Classic motorcycling’s flagship show takes place on April 25-26 at Staffordshire County Showground with Nick, the only rider to have won the Manx Grand Prix, Formula 1 TT, the International Manx Two-Day Trial and a gold medal in the International Six Day Enduro, performing guest of honour duties alongside Tony, a three times TT winner and former Triumph factory rider.
Guest compere Steve Plater will interview both men on stage and the pair will also present awards and appear in the Classic Racer GP Paddock with some of their most famous race machines.
The Jefferies motorcycling dynasty began more than a century ago when Joseph Jefferies, a pioneer in his industry, formed the Ross Motor and Cycle Company in Shipley’s old steam tram shed in 1901.
Although this initial partnership floundered, Joseph started a new operation which quickly found success and in 1917 the company moved to new premises in Shipley in which it stayed for more than 80 years.
Allan, Joseph’s son, would eventually take over running of the business, but not before earning fame as a star competitor of his era winning six International Six Day Trial gold medals and a Scott Trial, among others.
By the mid-1960s, Jefferies was selling mainly Triumph, BSA, Honda and Lambretta while boss Allan was active in the Auto Cycle Union as well as being chairman of the ACU’s Benevolent Fund and a TT International Jury member. He was also famed as an after dinner speaker and he services were constantly in demand.
At this same juncture, Allan’s elder son Tony became more active in the family firm as Honda, Yamaha and Suzuki franchises were added to the Jefferies operation.
Tony also followed in his father’s footsteps becoming a competitor, racing in the Anglo-American Transatlantic Match Race series in the early 1970s as well as finding success in the 1971 TT.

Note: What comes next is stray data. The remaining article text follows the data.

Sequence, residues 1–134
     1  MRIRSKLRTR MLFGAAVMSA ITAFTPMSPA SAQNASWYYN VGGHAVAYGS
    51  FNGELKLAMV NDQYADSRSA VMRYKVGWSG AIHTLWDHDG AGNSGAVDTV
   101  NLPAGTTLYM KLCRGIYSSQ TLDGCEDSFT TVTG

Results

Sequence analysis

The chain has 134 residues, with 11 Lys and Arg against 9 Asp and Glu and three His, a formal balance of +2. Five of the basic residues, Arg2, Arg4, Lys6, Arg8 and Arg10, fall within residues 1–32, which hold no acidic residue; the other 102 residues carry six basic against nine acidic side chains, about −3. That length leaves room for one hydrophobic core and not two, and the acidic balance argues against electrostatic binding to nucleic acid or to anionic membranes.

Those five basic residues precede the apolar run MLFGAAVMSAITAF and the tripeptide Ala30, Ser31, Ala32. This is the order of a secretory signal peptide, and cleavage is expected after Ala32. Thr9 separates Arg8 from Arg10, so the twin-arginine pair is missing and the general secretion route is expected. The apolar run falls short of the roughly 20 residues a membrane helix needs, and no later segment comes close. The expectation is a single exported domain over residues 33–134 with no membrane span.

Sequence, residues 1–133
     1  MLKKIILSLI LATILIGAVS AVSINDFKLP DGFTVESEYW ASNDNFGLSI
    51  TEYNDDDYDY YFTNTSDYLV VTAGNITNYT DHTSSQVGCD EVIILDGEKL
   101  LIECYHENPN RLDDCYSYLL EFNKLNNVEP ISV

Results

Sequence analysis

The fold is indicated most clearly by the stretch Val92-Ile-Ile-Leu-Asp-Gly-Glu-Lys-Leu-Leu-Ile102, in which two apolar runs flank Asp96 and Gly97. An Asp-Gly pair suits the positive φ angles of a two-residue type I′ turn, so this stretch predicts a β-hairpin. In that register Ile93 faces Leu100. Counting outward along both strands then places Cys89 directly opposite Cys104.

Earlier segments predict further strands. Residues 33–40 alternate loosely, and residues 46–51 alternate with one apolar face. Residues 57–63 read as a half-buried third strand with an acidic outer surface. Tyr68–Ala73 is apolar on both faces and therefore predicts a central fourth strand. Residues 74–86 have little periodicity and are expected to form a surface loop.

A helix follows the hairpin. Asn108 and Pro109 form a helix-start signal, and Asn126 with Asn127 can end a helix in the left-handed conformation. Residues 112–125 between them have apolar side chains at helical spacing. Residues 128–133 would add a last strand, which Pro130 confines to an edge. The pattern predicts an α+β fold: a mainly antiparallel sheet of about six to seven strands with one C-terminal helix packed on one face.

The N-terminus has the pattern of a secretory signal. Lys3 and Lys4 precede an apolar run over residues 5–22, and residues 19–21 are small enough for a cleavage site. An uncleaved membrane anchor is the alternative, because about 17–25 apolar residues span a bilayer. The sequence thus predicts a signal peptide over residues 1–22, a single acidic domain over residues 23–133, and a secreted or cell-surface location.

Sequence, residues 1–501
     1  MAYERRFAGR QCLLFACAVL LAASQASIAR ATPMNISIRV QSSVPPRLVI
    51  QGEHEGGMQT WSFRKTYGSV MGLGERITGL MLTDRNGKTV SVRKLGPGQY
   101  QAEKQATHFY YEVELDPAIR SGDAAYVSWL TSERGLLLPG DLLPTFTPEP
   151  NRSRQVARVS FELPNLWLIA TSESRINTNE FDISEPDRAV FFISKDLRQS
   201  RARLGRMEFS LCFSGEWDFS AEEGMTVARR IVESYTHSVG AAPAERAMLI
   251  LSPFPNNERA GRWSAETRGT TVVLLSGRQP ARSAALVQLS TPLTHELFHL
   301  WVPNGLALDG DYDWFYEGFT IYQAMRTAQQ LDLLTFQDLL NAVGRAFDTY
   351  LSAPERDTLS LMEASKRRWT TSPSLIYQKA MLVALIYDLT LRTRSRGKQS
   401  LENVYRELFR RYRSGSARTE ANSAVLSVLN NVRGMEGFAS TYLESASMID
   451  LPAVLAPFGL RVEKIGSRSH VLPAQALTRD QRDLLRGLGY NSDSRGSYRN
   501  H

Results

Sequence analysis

In a move that was to shape the future of the company, Tony’s first major piece of business was to take the BMW franchise in 1971 making the firm the first officially appointed BMW motorcycle dealership in the UK.
Nick, Tony’s younger brother by four years, entered the fold straight from school, but he too competed at the same time becoming a member of the British ISDT team and taking multiple Isle of Man GP and TT podiums.
Allan Jefferies passed away in 1978, but with Tony and Nick in place the company continued to grow over the next two decades before moving into new, modern premises – still in Shipley – while becoming a solely BMW dealership.
At the start of the new millennium, Tony’s daughter Louise was appointed General Manager of Allan Jefferies having previously been involved with banking, travel and finance companies.
With Nick leaving to embark on his own ventures and Tony taking a step back, the latter’s son, David, became ever more involved and took the business from strength to strength alongside his sister.
Like father and grandfather before him, David’s natural talent for racing was obvious and he soon demonstrated his ability becoming the first man to achieve 125mph, 126mph and 127mph laps at the Isle of Man TT and the only man to ever win three TTs in consecutive years.
Changes were taking place within the company as it expanded its operations and a major relaunch was in the pipeline when news broke of David Jefferies’ tragic death in a high-speed crash while practicing ahead of the 2003 TT races. The shock was felt by the whole racing world, but especially by everyone connected with Allan Jefferies where David was a popular figure.
Staff continued on, despite the difficult circumstances, and Allan Jefferies became the fourth largest BMW motorcycle dealer in the UK and the largest outside of the M25 circle.
To cope with the growing demand, the dealership struck a deal to purchase land close to its existing site and approved the construction of a brand new showroom which was to be completed in the autumn of 2010. The expansion has been more than justified and not only is Allan Jefferies one of, if not the, leading BMW dealer in the UK, but the Jefferies name takes its place in motorcycling alongside many of the greats.Enjoy more Classic Bike Guide reading in the monthly magazine. Click here to subscribe.